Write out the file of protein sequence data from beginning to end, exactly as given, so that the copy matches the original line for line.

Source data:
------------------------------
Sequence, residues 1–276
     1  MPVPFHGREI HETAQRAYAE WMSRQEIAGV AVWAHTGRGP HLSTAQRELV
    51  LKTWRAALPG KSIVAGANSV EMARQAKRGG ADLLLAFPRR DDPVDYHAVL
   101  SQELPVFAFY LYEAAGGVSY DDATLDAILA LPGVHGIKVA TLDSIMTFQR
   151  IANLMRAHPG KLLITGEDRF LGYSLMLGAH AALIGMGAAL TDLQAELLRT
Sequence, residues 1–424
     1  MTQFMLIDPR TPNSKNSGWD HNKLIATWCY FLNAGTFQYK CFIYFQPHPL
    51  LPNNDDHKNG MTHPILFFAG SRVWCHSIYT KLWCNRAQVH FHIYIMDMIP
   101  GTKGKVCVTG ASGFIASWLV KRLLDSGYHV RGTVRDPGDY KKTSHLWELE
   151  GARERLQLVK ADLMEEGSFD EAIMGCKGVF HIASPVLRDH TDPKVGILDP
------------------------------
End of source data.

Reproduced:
Sequence, residues 1–276
     1  MPVPFHGREI HETAQRAYAE WMSRQEIAGV AVWAHTGRGP HLSTAQRELV
    51  LKTWRAALPG KSIVAGANSV EMARQAKRGG ADLLLAFPRR DDPVDYHAVL
   101  SQELPVFAFY LYEAAGGVSY DDATLDAILA LPGVHGIKVA TLDSIMTFQR
   151  IANLMRAHPG KLLITGEDRF LGYSLMLGAH AALIGMGAAL TDLQAELLRT
Sequence, residues 1–424
     1  MTQFMLIDPR TPNSKNSGWD HNKLIATWCY FLNAGTFQYK CFIYFQPHPL
    51  LPNNDDHKNG MTHPILFFAG SRVWCHSIYT KLWCNRAQVH FHIYIMDMIP
   101  GTKGKVCVTG ASGFIASWLV KRLLDSGYHV RGTVRDPGDY KKTSHLWELE
   151  GARERLQLVK ADLMEEGSFD EAIMGCKGVF HIASPVLRDH TDPKVGILDP